I recall sorting grains with my family in childhood, siting on the floor with a stainless steel dish and parsing the grains with our fingers to remove any debris. The activity lent itself to being social as our hands were occupied with a menial task, but we were free to engage with others in the activity. The idea of collective work as a form of social activity was inherent in pre-industrial lifestyles. In the modern world we seek social nourishment outside of 'work'. Labour has become mechanised, and labourers become machines, expected to perform and produce at the highest possible rate. The value in menial and repetitive tasks is overlooked in the pursuit of mass production.
Following my earlier 'FREEWHEEL' performance at NAE OPEN 2022, I was artist in residence at the New Art Exchange in Nottingham, where I connected with local growing spaces and the people of those spaces.
I wanted to sort the grains that were the result of the 'FREEWHEEL' performance so that they could be used again. I decided that the sorting of the grains was an important activity to perform, and not one I could accomplish easily on my own, so inviting others to share the work seemed a natural recourse. I invited nine women I'd met through my time at NAE to sit in a circle together and sort the mixture of nine different grains.
In entering the work, all I was looking to do was sort the grains. But in giving myself to the work, I realised it gave back in return.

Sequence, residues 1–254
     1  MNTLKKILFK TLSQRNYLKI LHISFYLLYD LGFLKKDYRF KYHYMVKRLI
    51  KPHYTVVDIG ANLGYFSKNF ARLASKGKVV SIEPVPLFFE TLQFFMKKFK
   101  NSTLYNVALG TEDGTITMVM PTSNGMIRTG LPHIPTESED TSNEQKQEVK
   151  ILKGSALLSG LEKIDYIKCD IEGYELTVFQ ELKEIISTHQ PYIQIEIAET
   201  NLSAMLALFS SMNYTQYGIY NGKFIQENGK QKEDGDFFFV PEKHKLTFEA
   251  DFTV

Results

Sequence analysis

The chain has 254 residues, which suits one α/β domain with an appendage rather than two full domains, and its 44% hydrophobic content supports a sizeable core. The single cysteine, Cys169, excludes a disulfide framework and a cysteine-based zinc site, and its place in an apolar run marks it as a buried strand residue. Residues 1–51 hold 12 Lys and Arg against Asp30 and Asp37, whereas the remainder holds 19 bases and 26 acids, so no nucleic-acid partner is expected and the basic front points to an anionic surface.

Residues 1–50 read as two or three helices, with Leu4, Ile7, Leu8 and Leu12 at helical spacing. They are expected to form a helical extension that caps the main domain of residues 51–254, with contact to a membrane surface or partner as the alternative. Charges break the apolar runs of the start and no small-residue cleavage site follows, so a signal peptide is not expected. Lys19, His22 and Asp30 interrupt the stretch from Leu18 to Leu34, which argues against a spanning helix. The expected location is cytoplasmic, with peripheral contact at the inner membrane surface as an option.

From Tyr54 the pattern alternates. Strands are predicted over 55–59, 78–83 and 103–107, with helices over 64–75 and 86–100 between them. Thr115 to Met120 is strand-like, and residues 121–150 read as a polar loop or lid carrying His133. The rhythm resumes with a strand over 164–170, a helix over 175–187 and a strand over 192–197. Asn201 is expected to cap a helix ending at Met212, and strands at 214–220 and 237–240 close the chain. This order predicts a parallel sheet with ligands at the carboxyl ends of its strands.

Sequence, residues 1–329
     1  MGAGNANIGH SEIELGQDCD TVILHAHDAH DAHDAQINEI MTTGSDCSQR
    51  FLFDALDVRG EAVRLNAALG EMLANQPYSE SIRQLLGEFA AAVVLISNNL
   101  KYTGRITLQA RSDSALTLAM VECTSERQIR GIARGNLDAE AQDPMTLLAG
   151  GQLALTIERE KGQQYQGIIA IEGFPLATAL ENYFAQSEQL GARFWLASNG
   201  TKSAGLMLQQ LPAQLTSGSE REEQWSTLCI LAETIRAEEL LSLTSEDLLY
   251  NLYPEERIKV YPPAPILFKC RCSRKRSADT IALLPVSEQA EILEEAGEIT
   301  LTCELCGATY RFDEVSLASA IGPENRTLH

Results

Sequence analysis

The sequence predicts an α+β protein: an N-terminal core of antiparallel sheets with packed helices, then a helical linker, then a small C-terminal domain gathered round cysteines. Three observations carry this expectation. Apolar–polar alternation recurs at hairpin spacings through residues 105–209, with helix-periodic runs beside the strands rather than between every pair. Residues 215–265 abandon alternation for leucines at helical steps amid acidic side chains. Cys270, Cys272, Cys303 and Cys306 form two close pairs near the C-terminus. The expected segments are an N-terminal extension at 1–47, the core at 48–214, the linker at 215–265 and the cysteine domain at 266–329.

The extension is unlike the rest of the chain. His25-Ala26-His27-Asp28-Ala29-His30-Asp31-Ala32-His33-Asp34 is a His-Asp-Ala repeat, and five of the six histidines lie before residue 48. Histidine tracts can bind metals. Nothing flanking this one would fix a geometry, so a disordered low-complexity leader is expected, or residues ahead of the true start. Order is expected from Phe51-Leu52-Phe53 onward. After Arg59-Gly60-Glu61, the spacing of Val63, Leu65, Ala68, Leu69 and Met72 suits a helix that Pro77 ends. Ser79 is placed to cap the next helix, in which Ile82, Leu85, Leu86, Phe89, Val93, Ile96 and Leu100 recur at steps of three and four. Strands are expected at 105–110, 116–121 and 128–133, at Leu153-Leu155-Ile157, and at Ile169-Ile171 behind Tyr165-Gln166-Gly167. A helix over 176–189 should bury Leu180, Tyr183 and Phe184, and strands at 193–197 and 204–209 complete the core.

The nine women were each asked in turn 'what is your relationship with food?'
This inquiry brought forth many perspectives from the experiences of nine women who all lived in the locality and had some connection to the green spaces there. Topics that emerged in their responses to the seed query were many and diverse. The women spoke about the structures that formed their relationships with food, and the factors that shaped and re-shaped them. The topics that took form in the sorting circle were; childhood nurture through food, domestic space contending for food use, intergenerational bonding through food preparation, recognising unpaid labour of care through cooking, repair of eating disorders through working with plants, friendships formed through learning to cook together, gardening as a grieving process, the dining space as personal sanctuary, restoration of family ties through learning to cook, belonging to community through shared growing space, sharing cultural food knowledge as a barrier breaking between cultures.
I chose nine women as I had nine grains to sort, and nine also has special significance in the Hindu mythology which I grew up with. I took this nine as being the nine goddess forms of Shakti that are celebrated during the festival of nine nights - Navratri.
"I think the simplest and most ordinary of actions that bring people together, that being women together, hold such subtle subversions in them.
That the work provides a space for conversation, especially a conversation about food and home and histories and identities, makes it extremely relevant and fulfilling"
(Janhavi Sharma , Visual Artist participant feedback)
The sorting circle took place in one of the growing spaces I connected with, Windmill Community Gardens close to NAE. Participants were invited to gather herb teas and fruits for refreshment from the gardens.
all images below were kindly photographed by Cindy Sissokho of New Art Exchange.